Notwithstanding anything contained in this Act, every person, who on the date immediately preceding date of vesting occupied or held in an Agricultural Area as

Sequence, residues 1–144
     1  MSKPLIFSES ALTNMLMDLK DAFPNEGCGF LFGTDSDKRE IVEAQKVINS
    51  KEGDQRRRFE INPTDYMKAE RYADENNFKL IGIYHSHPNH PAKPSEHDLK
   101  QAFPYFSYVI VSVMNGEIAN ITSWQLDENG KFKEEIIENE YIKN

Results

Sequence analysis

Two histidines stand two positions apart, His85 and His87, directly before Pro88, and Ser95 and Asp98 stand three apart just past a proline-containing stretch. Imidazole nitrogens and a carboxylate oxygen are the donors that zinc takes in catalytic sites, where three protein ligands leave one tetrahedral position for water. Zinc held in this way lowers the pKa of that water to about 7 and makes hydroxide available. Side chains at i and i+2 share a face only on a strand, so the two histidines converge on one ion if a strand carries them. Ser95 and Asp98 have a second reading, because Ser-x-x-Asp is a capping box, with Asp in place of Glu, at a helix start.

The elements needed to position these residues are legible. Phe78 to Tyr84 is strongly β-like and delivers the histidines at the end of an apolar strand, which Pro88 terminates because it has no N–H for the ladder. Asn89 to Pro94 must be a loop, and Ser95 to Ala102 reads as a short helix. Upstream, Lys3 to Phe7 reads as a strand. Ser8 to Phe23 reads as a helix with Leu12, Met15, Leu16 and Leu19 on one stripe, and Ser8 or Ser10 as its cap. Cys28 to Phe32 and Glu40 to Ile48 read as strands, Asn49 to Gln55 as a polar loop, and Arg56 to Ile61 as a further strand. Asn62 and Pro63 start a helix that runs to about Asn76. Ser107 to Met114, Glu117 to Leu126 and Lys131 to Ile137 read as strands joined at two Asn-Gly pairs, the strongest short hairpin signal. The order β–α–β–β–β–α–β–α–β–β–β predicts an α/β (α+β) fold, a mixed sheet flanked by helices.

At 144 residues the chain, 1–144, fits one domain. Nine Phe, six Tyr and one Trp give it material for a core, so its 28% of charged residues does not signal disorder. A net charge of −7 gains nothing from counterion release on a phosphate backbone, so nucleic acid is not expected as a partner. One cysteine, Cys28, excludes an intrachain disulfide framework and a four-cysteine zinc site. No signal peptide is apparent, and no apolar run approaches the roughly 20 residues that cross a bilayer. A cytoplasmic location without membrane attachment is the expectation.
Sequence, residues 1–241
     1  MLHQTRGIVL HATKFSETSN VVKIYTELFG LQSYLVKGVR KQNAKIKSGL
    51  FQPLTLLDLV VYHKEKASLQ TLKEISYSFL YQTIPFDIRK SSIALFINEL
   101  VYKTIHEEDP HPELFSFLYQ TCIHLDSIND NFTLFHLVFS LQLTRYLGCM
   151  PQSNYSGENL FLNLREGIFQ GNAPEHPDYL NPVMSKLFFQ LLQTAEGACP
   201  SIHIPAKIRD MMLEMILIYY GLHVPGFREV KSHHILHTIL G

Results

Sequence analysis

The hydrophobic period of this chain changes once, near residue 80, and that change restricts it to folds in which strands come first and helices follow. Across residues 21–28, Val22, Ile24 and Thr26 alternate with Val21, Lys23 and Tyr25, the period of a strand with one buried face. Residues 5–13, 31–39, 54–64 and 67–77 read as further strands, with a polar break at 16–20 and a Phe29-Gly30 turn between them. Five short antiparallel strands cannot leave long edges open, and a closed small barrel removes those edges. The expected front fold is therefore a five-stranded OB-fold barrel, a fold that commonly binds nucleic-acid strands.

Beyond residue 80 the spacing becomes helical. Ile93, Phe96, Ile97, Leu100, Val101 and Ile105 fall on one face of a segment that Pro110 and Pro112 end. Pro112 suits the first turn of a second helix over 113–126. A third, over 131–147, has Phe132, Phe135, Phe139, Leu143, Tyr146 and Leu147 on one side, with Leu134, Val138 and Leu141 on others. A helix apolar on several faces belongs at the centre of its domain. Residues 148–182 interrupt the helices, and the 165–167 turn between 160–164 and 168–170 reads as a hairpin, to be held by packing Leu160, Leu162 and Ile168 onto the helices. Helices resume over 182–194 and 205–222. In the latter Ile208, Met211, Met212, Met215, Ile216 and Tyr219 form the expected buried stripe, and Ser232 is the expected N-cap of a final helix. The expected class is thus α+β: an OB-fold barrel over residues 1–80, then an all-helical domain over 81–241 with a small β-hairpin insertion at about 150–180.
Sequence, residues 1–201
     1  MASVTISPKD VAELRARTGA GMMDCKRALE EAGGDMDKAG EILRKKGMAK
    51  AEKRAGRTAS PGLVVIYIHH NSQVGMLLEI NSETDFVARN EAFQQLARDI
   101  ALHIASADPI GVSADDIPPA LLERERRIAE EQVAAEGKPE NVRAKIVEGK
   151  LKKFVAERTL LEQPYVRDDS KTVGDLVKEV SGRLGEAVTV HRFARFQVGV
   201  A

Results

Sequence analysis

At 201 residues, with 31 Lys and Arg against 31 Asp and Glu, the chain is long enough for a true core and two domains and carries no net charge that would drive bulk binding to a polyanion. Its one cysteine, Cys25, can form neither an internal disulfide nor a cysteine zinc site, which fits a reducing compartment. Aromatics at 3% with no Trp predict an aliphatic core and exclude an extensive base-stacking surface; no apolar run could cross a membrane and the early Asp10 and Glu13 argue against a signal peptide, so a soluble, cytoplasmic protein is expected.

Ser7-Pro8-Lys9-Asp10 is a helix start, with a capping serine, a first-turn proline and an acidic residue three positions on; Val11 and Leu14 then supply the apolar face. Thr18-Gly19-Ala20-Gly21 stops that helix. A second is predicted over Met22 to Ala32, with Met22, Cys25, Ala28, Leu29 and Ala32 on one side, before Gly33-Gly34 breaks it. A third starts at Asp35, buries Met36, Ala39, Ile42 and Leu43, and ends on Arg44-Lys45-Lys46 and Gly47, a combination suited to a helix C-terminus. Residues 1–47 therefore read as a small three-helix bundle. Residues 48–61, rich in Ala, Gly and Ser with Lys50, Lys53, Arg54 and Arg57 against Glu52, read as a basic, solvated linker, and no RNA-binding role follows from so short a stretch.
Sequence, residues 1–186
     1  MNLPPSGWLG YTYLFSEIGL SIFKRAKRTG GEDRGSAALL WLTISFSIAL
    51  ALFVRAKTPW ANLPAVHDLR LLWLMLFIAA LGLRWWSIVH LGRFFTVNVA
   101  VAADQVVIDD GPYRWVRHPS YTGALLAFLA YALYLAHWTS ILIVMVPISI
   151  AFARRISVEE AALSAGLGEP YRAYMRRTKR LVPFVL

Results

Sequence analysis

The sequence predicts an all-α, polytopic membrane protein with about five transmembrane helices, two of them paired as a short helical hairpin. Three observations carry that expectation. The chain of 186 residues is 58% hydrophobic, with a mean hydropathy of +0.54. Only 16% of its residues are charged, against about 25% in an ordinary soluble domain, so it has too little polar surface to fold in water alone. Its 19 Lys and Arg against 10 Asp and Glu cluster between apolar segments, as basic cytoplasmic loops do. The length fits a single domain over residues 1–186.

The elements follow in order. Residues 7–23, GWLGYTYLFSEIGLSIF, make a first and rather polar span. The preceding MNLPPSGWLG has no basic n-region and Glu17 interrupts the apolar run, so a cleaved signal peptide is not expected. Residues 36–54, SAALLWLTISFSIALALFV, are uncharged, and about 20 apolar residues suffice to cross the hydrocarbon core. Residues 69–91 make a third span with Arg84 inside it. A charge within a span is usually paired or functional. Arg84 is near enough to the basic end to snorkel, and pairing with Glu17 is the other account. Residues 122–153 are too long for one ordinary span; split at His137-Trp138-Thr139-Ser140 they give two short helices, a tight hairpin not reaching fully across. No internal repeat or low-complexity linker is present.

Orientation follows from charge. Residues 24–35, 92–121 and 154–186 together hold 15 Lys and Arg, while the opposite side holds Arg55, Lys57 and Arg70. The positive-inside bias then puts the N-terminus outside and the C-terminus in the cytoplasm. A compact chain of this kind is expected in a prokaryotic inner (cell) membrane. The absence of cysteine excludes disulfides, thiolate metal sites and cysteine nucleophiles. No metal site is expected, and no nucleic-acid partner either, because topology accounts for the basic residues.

(b) a sub-tenant of grove land.
(c) to (h).....
shall be deemed to be an Asami thereof.